The intensity of the postoperative pain is related to the extent of the surgical intervention and tissue damage created by the extent of adhesiolysis . Rotator cuff repair and debridement of damaged tissue may also cause intense pain. The level of existing damage, immobility, and restrictions in the shoulder joint may necessitate major surgical intervention. Additionally, the glenohumeral joint capsule or the acromioclavicular joint capsule innervation may vary individually such that any surgical procedures including the shoulder cap may require a cervical plexus blockade . All these factors may influence distinct postoperative pain scores recorded in the three different shoulder surgery operations presented here. The higher pain scores in the second case might be related to the damage of the shoulder cap which gets innervation from the superior cervical plexus (C3-C4) and may be spared in ESPB. Unfortunately, in the postoperative period, assessment of sensory loss over the cap of the shoulder and clavicle were not possible due to the sterile closure of the wound.
There are no examples or guidelines for the use of ESPB for the treatment of postoperative pain in shoulder surgeries in the literature. The surgery type, varying concentrations of local anesthesia, volumes, and individual anatomical variations may result in different outcomes. Further randomised controlled clinical trials in shoulder surgeries may reveal the analgesic range, opioid-sparing effect, and ideal dose concentration of ESPB, along with the possible drawbacks.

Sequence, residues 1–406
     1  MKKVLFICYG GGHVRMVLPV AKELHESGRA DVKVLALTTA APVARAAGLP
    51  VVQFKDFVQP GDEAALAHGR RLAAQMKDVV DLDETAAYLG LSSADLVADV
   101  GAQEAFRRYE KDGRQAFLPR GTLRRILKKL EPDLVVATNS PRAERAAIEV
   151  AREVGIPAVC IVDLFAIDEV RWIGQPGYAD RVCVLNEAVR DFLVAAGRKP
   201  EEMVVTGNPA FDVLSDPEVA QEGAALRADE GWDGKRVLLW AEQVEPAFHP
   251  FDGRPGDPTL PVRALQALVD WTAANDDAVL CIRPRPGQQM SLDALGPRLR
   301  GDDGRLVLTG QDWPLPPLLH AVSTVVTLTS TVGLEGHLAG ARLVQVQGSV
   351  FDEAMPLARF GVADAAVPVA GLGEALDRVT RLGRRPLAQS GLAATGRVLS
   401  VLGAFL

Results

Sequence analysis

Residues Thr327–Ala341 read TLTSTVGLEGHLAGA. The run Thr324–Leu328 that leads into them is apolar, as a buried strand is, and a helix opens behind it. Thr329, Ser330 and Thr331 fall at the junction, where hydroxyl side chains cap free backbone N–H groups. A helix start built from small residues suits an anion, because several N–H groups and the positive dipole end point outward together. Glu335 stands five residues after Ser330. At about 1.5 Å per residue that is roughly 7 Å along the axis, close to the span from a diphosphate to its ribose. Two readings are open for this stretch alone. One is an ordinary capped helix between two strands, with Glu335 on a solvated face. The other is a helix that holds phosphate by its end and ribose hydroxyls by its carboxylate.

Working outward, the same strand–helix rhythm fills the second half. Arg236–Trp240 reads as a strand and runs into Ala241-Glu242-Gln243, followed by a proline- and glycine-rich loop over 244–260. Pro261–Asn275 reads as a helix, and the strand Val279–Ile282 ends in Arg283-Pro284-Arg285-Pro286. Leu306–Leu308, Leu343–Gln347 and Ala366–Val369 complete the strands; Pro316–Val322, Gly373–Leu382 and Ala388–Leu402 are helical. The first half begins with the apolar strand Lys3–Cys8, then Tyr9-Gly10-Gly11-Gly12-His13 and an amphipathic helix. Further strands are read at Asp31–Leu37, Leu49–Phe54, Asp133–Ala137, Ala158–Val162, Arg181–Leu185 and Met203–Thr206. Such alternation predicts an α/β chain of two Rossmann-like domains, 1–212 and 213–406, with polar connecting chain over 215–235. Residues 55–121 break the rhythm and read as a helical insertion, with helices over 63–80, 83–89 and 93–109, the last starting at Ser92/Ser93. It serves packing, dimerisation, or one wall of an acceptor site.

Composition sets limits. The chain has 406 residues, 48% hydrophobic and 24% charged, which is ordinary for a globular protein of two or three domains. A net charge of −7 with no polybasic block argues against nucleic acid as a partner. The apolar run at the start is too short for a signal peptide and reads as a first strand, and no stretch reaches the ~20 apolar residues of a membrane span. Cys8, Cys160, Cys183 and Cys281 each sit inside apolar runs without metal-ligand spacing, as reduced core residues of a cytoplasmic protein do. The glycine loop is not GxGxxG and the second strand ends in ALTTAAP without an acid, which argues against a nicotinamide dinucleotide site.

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Case Report Presentation of Ultrasound-guided Erector Spinae Plane Block in Shoulder Surgery: Three Patients and Two Different Results
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Human subjects: Consent was obtained by all participants in this study. Conflicts of interest: In compliance with the ICMJE uniform disclosure form, all authors declare the following: Payment/services info: All authors have declared that no financial support was received from any organization for the submitted work. Financial relationships: All authors have declared that they have no financial relationships at present or within the previous three years with any organizations that might have an interest in the submitted work. Other relationships: All authors have declared that there are no other relationships or activities that could appear to have influenced the submitted work.
Cite this article as:
Selvi O, Tulgar S, Ozer Z (November 03, 2018) Case Report Presentation of Ultrasound-guided Erector Spinae Plane Block in Shoulder Surgery: Three Patients and Two Different Results . Cureus 10(11): e3538. doi:10.7759/cureus.3538
Received by Cureus: October 08, 2018
Peer review began: October 23, 2018
Peer review concluded: November 01, 2018
Published: November 03, 2018
© Copyright 2018
Selvi et al. This is an open access article distributed under the terms of the Creative Commons Attribution License CC-BY 3.0., which permits unrestricted use, distribution, and reproduction in any medium, provided the original author and source are credited.
This is an open access article distributed under the terms of the Creative Commons Attribution License, which permits unrestricted use, distribution, and reproduction in any medium, provided the original author and source are credited.